I am a snap happy photo fanatic. There. The first step toward recovery is admitting that you have a problem. I don’t know if I fear I will lose my memory or if it’s that I think my subjects are just so great that they deserve to be immortalized in pictures. Whatever the case, I cannot seem to stop flashing…my camera.
When I was a girl of twelve, I got my first camera. It was a small, cheap, rectangular type that needed a flash bulb and tower. (yes, I am THAT old) My cousin and I took a few black and white photos (yes...I am that old, as well) at her place and I thought it was the greatest thing. The next step was colour film.
Unfortunately, that camera was not like the digital cameras of today where you can take as many pictures as you like and delete whichever ones are not up to par. Back then you had to be sure of which picture you wanted to take before you took it, because you didn’t want to waste the film. All cameras were film back in the day, and when you were twelve, it wasn’t cheap. I would save up my allowance just to buy film and then go out into the neighbourhood to see if there was anything interesting happening. I accumulated quite a few films before seeing how skilled a photographer I was...or was not, as it cost more money to get it developed. And there was no one hour waiting either, it took a week or more before you got the pictures. We definitely had more patience back then. Eventually, when I started making money babysitting, I upgraded to disposable cameras which, although more expensive, had built-in film and flash to make things much easier.
It was always a fun, exciting day when I picked up my developed pictures. You never knew what you were going to get. Some would turn out, some would be black and some you couldn’t remember where they were taken or what they were supposed to be. The odd time you would even get a roll that was double exposed, something you never get with digital cameras. Since most of my pictures were of family and neighbourhood kids, when I had extra money, I would get “double prints” to share. They were usually just pictures of kids hanging out or playing football or baseball in my aunt and uncle's back field, but to me, they were…connection.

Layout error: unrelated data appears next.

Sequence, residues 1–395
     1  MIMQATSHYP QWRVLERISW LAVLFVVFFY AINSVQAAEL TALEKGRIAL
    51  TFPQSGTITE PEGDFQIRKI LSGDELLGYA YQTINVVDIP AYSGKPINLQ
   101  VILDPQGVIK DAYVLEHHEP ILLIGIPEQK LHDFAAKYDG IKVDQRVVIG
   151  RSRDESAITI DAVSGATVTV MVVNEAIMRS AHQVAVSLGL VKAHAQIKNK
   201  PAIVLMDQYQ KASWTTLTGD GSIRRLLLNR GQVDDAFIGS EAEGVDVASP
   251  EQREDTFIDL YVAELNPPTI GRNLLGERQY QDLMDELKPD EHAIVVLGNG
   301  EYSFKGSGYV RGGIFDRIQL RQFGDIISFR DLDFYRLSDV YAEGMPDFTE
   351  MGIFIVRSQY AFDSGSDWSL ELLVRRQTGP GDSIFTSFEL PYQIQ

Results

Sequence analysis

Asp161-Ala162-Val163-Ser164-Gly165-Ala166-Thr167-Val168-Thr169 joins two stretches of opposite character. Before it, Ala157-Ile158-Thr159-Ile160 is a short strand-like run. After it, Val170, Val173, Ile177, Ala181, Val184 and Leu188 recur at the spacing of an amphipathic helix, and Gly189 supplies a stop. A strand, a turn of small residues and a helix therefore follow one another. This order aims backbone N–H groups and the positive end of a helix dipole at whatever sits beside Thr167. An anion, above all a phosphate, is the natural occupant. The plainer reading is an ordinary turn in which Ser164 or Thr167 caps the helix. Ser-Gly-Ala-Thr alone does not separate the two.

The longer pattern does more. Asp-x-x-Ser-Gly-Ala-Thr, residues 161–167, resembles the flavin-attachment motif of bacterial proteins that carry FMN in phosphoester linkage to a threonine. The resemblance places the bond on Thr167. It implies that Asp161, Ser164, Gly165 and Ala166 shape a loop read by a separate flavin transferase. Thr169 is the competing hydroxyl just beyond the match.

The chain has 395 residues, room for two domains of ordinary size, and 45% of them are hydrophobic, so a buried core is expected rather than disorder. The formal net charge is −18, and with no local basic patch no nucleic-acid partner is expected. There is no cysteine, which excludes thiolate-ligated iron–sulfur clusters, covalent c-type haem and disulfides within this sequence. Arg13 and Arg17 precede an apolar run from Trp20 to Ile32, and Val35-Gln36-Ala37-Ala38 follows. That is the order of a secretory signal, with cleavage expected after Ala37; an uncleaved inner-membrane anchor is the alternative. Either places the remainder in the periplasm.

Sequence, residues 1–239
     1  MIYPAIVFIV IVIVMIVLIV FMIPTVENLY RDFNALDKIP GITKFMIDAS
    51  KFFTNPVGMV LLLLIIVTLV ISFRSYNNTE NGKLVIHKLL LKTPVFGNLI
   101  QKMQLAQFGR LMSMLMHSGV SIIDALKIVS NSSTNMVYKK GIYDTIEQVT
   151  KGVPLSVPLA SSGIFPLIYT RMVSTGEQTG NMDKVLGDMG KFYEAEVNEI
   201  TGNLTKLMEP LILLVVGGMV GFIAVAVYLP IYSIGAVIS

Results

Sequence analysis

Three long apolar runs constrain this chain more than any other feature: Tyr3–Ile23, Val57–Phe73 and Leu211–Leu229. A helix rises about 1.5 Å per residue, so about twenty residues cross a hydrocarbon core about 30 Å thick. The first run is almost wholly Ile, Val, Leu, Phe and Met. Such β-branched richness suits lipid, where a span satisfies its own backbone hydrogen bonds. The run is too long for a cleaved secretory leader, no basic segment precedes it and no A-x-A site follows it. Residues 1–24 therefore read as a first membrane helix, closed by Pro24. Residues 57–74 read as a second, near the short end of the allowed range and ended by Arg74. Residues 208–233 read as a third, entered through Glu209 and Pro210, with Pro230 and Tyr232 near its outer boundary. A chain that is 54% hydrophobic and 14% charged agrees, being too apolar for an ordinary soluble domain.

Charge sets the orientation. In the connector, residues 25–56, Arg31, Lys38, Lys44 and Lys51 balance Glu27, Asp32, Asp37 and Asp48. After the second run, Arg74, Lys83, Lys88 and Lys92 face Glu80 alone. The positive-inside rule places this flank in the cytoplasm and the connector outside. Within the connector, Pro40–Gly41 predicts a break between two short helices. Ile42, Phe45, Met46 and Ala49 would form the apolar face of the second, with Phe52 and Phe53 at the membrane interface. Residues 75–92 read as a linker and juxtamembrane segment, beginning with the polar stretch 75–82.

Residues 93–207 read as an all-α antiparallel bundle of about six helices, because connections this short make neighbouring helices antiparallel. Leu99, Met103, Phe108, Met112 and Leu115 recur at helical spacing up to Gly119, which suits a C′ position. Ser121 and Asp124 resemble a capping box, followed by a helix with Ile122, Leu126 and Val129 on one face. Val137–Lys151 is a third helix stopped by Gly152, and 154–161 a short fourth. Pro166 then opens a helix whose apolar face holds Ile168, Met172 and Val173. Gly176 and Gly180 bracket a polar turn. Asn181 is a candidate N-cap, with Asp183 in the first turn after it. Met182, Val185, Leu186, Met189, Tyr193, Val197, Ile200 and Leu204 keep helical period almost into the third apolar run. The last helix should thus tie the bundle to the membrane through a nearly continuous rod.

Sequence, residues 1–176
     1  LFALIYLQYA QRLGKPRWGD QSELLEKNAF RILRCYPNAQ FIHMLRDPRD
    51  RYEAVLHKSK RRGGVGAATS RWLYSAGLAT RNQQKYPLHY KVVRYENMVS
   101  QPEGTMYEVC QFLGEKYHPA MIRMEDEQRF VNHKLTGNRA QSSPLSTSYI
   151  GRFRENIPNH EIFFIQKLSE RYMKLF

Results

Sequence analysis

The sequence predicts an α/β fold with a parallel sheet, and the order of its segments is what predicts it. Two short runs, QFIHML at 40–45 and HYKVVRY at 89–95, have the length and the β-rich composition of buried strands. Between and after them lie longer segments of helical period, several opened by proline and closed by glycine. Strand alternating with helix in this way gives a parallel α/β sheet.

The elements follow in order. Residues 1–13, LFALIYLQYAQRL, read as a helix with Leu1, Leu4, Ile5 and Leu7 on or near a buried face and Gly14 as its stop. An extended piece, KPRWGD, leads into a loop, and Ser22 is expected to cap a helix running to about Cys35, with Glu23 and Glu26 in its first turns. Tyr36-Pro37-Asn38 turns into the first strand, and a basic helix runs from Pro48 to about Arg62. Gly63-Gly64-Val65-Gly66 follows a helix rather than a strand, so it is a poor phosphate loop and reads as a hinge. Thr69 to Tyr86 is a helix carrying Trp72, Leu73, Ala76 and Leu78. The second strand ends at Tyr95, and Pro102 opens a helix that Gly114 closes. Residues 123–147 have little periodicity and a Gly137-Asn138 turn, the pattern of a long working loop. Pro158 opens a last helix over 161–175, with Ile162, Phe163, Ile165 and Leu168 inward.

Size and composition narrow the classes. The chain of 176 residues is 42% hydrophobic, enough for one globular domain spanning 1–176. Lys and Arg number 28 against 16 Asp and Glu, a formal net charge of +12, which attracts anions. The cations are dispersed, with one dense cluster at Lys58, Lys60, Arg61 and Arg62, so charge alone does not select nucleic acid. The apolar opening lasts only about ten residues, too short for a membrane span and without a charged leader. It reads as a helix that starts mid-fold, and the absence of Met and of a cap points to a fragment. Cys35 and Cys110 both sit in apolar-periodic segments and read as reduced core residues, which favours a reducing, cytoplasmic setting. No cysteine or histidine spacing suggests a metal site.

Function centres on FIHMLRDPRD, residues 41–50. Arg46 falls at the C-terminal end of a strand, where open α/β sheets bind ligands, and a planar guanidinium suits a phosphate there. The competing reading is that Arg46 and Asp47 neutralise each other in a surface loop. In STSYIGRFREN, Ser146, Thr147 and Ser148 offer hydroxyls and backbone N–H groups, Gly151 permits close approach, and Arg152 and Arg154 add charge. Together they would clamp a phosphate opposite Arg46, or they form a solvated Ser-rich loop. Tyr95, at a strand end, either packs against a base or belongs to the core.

Looking back, I can see that my camera was a liaison between me and the others around me. I was shy and, as such, not a big talker, so taking photos and talking about the resulting pics was one way for me to stay involved. A couple of years back I posted a few of said photos on my Facebook page, much to the delight and feigned chagrin of my old friends, creating connections once again.
These days my digital camera is my constant companion, as I carry it in my purse everywhere. Although some people may get exasperated by my incessant snapping and never-ending on-line album uploads, my addiction is, for the most part, harmless. No intervention needed. Besides, connecting with friends… old or new is not a bad thing. Just ask Mark Zuckerburg.